PHILADELPHIA, PA, Nov. 12, 2009 -- The U.S. Environmental Protection Agency has cited 14 municipalities in Pennsylvania and Maryland for stormwater violations, nine of which are within the Chesapeake Bay watershed.
"EPA, in partnership with the states, is taking clear steps to protect the water quality of local streams and rivers," said Jon M. Capacasa, director of the Water Protection Division for EPA's mid-Atlantic region. "Because many of these municipalities are in the Chesapeake Bay watershed, this action, along with others will also help protect and restore the Bay,"
Urbanized areas contain large portions of impervious surfaces such as roads, rooftops and parking lots that channel stormwater directly into local streams, rivers, and other water bodies. Improperly managed stormwater runoff from urbanized areas often contains high levels of nutrients, sediment, toxic metals, volatile organic compounds, and other pollutants.
EPA requires the cited municipalities to correct problems with their respective municipal separate storm sewer (MS4) programs and come into compliance with their state-issued discharge permits. MS4s are publicly owned drainage systems designed to collect and convey stormwater from urbanized areas.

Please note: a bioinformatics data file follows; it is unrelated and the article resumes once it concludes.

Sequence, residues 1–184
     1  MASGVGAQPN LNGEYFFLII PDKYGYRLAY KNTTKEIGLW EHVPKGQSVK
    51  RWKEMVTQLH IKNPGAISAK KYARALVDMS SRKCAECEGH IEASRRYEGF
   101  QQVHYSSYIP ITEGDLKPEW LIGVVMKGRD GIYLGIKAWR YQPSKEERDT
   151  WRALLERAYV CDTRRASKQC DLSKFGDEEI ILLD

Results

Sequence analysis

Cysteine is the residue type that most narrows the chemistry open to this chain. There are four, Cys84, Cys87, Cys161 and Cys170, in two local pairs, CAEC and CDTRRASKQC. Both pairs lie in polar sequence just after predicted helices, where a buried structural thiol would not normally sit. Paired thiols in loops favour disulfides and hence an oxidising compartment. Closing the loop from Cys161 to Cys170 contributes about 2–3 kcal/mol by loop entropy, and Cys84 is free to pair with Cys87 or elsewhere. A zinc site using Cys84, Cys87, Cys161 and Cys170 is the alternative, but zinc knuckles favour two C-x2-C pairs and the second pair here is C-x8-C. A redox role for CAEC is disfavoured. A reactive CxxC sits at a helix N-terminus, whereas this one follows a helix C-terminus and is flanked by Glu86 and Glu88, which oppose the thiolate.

In Pennsylvania, EPA issued orders to Birdsboro Borough and Ontelaunee Township in Berks County; Mechanicsburg Borough in Cumberland County; Atrim Township in Franklin County; East Donegal Township, Terre Hill Borough, Pequea Township, Akron Borough and East Earl Township in Lancaster County; Myerstown Borough in Lebanon County; and, Monaghan and Newberry Townships in York County.
In Maryland, EPA issued orders to Baltimore City and Anne Arundel County.
Several of these municipalities have already taken steps to comply with the orders.